I am so excited to tell you all about this wonderful book. I literally couldn’t put it down and I am sure that my oldest boy will love it as much as I did. I decided to read it myself before I read it to oldest boy as I wasn’t sure what to expect and now I can certainly tell you that I am going to read it with him. The recommendation for this book is for children between 9-12 years old but I would recommend this book to children around those ages but also to all adults. Younger children would struggle with this as while the vocabulary and writing is simple enough the themes are quite complex and it would be unlikely to interest a smaller child. I am sure this book will have an important impact to anyone who reads it but especially to people who are themselves or know others on the autistic spectrum. This is by far the best book that I have read so far this year for children or adults. Everyone should be issued a copy to read this book.
The book tells the story of 11-year-old Addie as she campaigns for a memorial in memory of the witch trials that took place in her Scottish hometown. Addie knows there’s more to the story of these ‘witches’, just like there is more to hers. Can Addie challenge how the people in her town see her and her autism, and make her voice heard?
My honest review
I will start saying that the book was written by Ellen Mcnicoll who is a Scottish author and who is passionate about disability rights and representation. This is her first novel and I am sure it won’t be her last. The illustration of the book cover is by Kay Wilson and let me just tell you that this one certainly stand out from other book covers.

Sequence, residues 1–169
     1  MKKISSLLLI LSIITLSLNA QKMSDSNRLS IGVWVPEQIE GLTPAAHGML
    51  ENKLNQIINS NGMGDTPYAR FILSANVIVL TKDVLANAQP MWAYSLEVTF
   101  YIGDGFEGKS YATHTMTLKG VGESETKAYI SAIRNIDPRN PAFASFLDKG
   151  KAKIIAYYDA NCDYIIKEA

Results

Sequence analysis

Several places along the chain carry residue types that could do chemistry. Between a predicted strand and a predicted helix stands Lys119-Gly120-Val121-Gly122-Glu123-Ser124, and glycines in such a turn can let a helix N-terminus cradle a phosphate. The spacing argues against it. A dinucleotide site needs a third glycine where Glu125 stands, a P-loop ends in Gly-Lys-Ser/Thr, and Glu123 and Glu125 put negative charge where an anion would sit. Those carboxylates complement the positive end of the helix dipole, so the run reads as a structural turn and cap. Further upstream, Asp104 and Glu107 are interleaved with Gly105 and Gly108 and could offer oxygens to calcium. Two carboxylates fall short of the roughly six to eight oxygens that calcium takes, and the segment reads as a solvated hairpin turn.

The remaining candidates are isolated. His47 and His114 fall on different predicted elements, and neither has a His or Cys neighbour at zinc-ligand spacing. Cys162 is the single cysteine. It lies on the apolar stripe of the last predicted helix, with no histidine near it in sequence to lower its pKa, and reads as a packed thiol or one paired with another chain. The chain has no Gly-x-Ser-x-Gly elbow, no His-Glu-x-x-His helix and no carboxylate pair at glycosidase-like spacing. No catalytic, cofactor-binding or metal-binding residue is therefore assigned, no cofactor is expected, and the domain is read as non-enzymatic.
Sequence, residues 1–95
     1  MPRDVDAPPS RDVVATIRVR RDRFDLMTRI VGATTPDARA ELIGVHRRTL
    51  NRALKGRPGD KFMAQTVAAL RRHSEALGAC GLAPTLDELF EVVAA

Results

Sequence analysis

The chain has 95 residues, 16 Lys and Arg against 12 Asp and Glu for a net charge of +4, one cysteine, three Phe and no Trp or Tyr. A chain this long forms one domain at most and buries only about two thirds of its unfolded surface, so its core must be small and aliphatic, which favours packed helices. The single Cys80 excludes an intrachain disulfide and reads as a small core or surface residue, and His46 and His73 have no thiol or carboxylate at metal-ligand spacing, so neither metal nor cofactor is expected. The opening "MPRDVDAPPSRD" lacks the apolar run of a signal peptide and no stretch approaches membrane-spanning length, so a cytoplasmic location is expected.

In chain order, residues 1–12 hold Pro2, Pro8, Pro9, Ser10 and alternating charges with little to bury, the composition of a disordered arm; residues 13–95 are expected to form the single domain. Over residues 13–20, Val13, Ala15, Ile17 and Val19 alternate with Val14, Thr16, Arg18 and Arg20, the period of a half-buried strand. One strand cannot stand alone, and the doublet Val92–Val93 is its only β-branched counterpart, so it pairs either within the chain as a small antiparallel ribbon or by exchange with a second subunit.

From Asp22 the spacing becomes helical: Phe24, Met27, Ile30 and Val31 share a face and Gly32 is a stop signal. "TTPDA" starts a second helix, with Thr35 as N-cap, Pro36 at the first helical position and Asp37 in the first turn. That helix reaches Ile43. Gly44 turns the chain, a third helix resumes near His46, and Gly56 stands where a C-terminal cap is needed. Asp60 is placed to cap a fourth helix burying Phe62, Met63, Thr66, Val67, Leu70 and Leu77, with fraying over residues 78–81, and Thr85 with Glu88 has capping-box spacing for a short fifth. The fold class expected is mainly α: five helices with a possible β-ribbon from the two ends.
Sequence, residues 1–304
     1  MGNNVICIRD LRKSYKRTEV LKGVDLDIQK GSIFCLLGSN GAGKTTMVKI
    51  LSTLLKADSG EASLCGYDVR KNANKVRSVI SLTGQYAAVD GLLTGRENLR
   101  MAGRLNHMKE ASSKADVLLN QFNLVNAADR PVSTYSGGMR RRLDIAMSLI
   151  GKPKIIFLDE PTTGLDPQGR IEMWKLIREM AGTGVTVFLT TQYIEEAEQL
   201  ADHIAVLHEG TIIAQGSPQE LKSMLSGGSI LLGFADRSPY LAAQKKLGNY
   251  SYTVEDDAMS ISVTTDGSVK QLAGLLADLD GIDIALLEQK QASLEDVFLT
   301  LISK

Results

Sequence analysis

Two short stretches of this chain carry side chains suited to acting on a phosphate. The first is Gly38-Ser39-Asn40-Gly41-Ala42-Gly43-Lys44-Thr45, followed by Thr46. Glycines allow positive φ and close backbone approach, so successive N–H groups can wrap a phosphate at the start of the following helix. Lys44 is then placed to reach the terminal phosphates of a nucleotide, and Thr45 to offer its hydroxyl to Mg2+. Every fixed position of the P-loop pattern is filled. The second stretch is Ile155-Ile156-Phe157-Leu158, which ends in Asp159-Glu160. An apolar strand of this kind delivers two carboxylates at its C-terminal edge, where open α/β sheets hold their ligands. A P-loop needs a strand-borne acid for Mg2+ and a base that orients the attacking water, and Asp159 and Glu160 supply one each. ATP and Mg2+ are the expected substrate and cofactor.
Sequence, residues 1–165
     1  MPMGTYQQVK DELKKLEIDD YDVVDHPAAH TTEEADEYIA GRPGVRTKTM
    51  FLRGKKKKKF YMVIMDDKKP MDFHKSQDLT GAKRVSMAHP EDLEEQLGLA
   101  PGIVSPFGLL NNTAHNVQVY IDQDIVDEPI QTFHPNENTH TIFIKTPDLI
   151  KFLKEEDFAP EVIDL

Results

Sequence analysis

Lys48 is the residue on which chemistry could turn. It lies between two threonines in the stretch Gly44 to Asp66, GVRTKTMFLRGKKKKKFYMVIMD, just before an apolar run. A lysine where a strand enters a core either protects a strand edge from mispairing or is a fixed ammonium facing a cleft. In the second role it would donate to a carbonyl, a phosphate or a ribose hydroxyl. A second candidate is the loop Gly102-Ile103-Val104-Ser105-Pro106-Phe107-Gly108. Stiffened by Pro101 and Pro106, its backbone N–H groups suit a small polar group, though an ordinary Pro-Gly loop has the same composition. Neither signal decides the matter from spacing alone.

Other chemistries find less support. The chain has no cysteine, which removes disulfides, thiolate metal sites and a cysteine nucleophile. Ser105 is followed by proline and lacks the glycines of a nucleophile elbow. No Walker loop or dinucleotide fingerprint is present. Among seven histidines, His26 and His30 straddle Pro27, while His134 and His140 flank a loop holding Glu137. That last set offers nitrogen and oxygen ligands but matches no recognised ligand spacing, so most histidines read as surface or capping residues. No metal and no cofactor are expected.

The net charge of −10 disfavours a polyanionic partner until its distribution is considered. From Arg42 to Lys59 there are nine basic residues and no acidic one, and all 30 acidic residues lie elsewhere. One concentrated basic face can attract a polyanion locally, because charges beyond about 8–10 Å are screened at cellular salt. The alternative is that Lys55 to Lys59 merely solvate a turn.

The book contains 192 pages and 21 chapters with no illustrations.
I just got blown away by this story. I can honestly tell you that I just couldn’t put the book down once I started reading it. Addie, our stories protagonist, is autistic and she is trying very hard to fit in to a neurotypical society that doesn’t understand her. She tries to mask how she feels and who she really is by following social stereotypes. The story shows how adults react to be around autistic people and how they can blame Autism for the behaviour or ideas that they have. Addie has the support of her parents and her twin sisters, one of her sisters is autistic as well and we see a strong bond between them. It is incredible what people can achieve with the support from their families and as well with the support of the right people.
The story is told from Addie’s point of view which transports you into her mind and lets you see what she is feeling and the way she is struggling to fit in to the world. She faces a hard time in school as her teacher doesn’t support her and her peers in her classroom doesn’t understand her. While in class her teacher starts to talk about their town’s witch trials and how a lot of women were accused of being witches because they were different. Addie feels that she can identify with their being seen as different and decides to try and convinced people to make a memorial plaque. While doing this she discovers the real meaning of friendship, and realises how it’s not just children can be bullies but some adults as well.
My oldest boy is autistic and he struggles every day to fit into a neurotypical world just like Addie. When he was young we were told he wouldn’t be able to do certain things and the older he is getting the more he shows them how wrong they were. This book made me laugh, made me cry and makes me reflect about the world that we live in and how we respond to different people.
Last but not least the book was published by ‘Knights of’ a publisher who publishes children’s books with a focus on diversity shown in both the topics of their book and also in their choices of writers, illustrators and everyone else that works with them coming from different backgrounds which is amazing.
Thank you so much for reading this review and hope everyone has a good week.